"True wisdom, as the fruit of self-examination, dialogue and generous encounter between persons, is not acquired by a mere accumulation of data which eventually leads to overload and confusion, a sort of mental pollution. Real relationships with others, with all the challenges they entail, now tend to be replaced by a type of internet communication which enables us to choose or eliminate relationships at whim, thus giving rise to a new type of contrived emotion which has more to do with devices and displays than with other people and with nature. Today’s media do enable us to communicate and to share our knowledge and affections. Yet at times they also shield us from direct contact with the pain, the fears and the joys of others and the complexity of their personal experiences. For this reason, we should be concerned that, alongside the exciting possibilities offered by these media, a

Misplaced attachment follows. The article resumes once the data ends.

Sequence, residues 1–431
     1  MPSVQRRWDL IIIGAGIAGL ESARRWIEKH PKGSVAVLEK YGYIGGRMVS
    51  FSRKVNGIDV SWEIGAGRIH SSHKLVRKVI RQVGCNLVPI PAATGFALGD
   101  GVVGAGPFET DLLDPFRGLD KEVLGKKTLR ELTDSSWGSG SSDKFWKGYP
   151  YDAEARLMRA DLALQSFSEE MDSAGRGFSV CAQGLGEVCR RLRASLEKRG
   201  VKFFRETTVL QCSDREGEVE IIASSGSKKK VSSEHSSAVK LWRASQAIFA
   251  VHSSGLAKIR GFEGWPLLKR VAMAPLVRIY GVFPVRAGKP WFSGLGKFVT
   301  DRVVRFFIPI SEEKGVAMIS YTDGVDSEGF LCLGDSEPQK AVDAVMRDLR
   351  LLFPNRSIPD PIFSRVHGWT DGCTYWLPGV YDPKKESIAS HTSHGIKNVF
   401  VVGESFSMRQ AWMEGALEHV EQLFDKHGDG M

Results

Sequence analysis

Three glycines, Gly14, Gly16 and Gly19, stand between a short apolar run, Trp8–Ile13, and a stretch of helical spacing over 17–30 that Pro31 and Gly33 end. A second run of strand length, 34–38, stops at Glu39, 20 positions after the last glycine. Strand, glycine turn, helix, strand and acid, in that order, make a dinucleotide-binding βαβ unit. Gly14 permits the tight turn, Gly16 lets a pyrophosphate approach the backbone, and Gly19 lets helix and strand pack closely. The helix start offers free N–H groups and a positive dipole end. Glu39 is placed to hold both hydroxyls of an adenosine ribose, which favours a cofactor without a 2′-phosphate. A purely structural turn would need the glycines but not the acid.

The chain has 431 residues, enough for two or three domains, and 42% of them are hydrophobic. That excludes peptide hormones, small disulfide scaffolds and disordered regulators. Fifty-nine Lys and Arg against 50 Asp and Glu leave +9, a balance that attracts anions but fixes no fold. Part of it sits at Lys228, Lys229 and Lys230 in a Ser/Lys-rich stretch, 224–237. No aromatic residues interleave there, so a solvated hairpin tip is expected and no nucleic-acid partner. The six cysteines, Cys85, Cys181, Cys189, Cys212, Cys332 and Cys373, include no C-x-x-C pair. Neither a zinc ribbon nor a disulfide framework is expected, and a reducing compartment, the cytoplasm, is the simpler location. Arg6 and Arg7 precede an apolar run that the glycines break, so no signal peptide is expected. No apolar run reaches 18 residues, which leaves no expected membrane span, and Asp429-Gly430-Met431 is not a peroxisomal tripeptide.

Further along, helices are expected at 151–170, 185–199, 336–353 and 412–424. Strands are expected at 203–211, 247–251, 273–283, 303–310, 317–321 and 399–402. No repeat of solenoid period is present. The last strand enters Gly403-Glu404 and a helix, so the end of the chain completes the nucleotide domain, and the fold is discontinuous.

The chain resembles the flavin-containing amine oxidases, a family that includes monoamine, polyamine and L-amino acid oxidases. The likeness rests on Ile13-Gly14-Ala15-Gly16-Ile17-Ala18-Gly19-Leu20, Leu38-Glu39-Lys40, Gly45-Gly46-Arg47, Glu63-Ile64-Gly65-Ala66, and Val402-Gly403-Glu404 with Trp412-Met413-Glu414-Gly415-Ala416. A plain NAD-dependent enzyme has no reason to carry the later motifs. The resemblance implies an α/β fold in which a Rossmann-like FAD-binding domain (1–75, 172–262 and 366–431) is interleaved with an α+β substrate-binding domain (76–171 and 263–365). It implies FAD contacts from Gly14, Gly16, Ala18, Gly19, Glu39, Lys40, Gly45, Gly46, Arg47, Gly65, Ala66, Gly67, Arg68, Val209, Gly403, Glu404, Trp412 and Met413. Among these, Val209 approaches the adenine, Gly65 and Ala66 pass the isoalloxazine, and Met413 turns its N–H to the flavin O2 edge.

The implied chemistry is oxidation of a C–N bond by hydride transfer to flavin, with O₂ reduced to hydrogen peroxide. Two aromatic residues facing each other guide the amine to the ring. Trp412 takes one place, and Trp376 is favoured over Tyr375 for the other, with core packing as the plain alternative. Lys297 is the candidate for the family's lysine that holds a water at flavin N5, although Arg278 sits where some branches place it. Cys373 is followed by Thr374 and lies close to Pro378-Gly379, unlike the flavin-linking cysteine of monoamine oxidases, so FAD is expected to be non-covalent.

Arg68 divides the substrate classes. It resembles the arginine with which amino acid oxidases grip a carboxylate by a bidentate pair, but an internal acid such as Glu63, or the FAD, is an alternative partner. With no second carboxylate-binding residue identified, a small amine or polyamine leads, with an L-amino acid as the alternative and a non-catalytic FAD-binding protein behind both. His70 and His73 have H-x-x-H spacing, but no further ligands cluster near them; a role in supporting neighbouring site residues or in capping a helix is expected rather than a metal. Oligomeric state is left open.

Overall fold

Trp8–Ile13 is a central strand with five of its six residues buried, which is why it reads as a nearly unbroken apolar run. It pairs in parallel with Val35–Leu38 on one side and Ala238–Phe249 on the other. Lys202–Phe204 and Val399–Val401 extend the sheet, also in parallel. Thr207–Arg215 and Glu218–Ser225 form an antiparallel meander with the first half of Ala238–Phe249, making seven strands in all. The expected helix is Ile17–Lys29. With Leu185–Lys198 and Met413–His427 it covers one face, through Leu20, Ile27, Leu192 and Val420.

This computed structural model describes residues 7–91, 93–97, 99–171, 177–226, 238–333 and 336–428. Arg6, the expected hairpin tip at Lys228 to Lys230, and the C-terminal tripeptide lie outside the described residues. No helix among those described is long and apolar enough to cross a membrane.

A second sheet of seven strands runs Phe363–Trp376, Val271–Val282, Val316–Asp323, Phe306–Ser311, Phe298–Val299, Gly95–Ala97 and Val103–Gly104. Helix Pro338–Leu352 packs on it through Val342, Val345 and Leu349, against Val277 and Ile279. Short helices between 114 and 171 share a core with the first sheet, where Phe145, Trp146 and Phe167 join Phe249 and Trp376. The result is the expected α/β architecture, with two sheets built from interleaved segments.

deep and melancholic dissatisfaction with interpersonal relations, or a harmful sense of isolation, can also arise." (Pope Francis, Laudato Si’, #47.)

 

 

Luther, reformer and spiritual guide

JMartin Luther

Luther's message has a permanent value because it recalls the primacy of grace and God's unconditional love. In the Lutheran Church as in the Catholic Church, the understanding of Martin Luther has greatly evolved over the past five centuries. Today he is perceived not only as a daring reformer but also as a spiritual guide. Even if Catholics and Lutherans have learnt, especially since the Second Vatican Council, to read and interpret Luther together, the place that this historical figure occupies in each of the two Churches will never be the same for each. Read more ...